The GrowthOp

Published:July 13, 2021

-Regina Leader Post


It appears the case of a military member who allegedly fed cannabis-infused cupcakes to an artillery unit before a live-fire exercise will not have an easy resolution.

The accused in the case, bombardier Chelsea Cogswell, who was working a mobile canteen the day the alleged incident occurred, is scheduled to be court-martialed next month.

However, her lawyer is arguing that the evidence should be thrown out, according to a copy of a court application obtained by CBC News, as only one cupcake wrapper was recovered from the scene.

“The chain of command and the military police did not preserve all the wrappers for further investigation,” lawyer Ian Kasper reportedly writes in a court document. “The chain of command’s loss of the cupcake wrappers was so shockingly negligent as to constitute an abuse of process.”

Cogswell, a member of the military since 2011, faces 18 charges, eight of which include “administering a noxious thing.”
In May, CTV was first to report the incident that allegedly occurred at CFB Gagetown in New Brunswick in July 2018, while members of the artillery unit were taking part in a three-week-long combat training scenario.

It is alleged that Cogswell prepared the cupcakes ahead of time and did not reveal the ingredients to the troops as she worked the canteen.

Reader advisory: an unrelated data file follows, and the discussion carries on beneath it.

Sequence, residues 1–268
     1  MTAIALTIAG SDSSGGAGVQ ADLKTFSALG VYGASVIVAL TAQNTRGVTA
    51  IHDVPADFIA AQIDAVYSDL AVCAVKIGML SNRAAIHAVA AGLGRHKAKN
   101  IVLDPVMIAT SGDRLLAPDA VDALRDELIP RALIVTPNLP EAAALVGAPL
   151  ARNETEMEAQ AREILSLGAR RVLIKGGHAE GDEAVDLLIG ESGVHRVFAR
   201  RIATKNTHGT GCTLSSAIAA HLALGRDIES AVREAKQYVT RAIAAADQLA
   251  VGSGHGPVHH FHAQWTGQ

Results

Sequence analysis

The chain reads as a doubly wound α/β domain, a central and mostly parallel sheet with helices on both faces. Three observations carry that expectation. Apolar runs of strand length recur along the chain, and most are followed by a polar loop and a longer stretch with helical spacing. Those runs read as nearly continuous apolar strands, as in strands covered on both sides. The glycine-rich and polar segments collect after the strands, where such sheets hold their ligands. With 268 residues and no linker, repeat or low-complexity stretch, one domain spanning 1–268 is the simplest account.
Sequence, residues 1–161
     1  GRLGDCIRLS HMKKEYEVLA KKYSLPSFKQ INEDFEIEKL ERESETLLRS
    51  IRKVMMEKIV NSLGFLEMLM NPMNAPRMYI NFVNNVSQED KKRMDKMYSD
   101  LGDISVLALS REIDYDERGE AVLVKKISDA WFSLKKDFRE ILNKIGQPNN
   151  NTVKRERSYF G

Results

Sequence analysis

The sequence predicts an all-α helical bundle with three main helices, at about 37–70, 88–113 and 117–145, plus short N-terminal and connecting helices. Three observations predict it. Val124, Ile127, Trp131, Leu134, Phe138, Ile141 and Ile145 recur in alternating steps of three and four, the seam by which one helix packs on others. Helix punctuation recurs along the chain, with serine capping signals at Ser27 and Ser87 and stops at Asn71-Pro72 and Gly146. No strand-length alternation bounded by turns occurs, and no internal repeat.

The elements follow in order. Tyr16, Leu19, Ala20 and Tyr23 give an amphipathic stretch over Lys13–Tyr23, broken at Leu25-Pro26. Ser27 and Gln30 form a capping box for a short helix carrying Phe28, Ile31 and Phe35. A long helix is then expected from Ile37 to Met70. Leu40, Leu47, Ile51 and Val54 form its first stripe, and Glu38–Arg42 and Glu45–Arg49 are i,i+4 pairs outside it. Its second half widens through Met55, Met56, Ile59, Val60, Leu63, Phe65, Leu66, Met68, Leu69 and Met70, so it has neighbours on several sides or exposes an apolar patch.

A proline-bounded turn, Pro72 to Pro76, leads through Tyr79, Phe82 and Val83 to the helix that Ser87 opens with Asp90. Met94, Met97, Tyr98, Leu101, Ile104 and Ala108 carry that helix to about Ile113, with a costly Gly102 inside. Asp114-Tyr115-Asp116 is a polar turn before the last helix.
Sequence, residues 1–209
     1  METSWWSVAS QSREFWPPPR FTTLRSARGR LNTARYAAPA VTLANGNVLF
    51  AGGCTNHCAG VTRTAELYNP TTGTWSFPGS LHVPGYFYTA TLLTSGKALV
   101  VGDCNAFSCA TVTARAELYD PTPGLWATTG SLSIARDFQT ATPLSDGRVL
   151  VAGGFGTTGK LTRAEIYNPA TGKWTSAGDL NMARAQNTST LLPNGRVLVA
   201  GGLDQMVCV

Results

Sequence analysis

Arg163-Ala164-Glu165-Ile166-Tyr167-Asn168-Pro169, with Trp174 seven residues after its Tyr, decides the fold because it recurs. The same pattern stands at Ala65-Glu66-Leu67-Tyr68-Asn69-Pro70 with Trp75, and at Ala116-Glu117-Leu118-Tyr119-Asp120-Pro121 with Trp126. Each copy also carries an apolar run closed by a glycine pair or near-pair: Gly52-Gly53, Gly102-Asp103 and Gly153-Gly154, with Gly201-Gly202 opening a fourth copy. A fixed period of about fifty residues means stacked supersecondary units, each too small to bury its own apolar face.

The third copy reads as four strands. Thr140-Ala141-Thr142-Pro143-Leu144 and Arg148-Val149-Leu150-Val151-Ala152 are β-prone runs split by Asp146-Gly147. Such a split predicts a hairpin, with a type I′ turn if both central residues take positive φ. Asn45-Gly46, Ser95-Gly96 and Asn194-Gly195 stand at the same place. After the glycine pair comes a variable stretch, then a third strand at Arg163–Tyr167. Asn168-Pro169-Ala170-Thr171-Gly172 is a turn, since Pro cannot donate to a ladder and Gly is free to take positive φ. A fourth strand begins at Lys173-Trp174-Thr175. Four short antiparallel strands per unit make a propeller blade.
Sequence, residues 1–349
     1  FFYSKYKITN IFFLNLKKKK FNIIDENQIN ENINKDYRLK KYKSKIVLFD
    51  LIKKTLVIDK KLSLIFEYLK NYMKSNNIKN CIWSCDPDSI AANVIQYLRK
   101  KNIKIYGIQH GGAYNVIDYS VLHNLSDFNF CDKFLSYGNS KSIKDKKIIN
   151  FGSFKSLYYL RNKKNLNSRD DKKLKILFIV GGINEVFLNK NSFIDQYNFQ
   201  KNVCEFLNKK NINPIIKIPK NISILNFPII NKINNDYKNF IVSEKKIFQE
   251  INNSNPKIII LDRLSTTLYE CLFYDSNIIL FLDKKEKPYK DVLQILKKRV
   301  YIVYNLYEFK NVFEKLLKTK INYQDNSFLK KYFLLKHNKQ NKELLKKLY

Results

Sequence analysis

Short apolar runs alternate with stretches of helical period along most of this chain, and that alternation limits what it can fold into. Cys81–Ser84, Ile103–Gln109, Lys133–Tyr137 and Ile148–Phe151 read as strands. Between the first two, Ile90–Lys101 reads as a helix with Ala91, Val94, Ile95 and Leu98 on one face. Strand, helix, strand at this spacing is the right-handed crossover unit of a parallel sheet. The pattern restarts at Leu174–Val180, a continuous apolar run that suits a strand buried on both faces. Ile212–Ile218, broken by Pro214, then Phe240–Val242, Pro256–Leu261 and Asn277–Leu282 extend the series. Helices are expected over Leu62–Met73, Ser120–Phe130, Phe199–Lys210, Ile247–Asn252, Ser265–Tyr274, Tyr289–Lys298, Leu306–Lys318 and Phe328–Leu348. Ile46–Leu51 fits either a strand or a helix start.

“All the members of W Battery who consumed the cupcakes, except one, allegedly experienced symptoms which included dehydration, overheating, fatigue, confusion, dry mouth and paranoia,” court documents state. “Several affected members were allegedly unable to properly execute safe weapons and explosive handling drills. That afternoon, the affected members were treated by a medical technician and the military police were called.”

One of the soldiers, who felt no effects, allegedly collected five wrappers but only one was sent for testing. The wrapper tested positive for trace amounts of THC.

According to CBC, the military police became aware of the other wrappers almost a year and a half later after a request from Kasper.

“The only reasonable conclusion is that they were lost through incompetence,” Kasper reportedly wrote in a court document. “The wrappers are at the heart of the case…and they could afford forensic evidence tending to disprove the offences charged.”

The military responded that it does not know the whereabouts of the remaining wrappers.

“There is no evidence of any attempt to conceal or destroy evidence in this case, nor is there any evidence of bad faith on the part of the Crown,” the prosecutors wrote.

Cogswell has not commented on the case, but her mother told CBC News that she has faced a barrage of online hate and her vehicle was keyed in her driveway.
Canadian Armed Forces members are barred from consuming cannabis eight hours before any known or expected performance of duty.
In May, CAF spokesperson Wendy Wharton told CTV that “this is the first time a member has faced a court martial for allegedly administering cannabis to colleagues without their consent.”

Cogswell’s trial is scheduled to begin on August 3 in Oromocto, New Brunswick.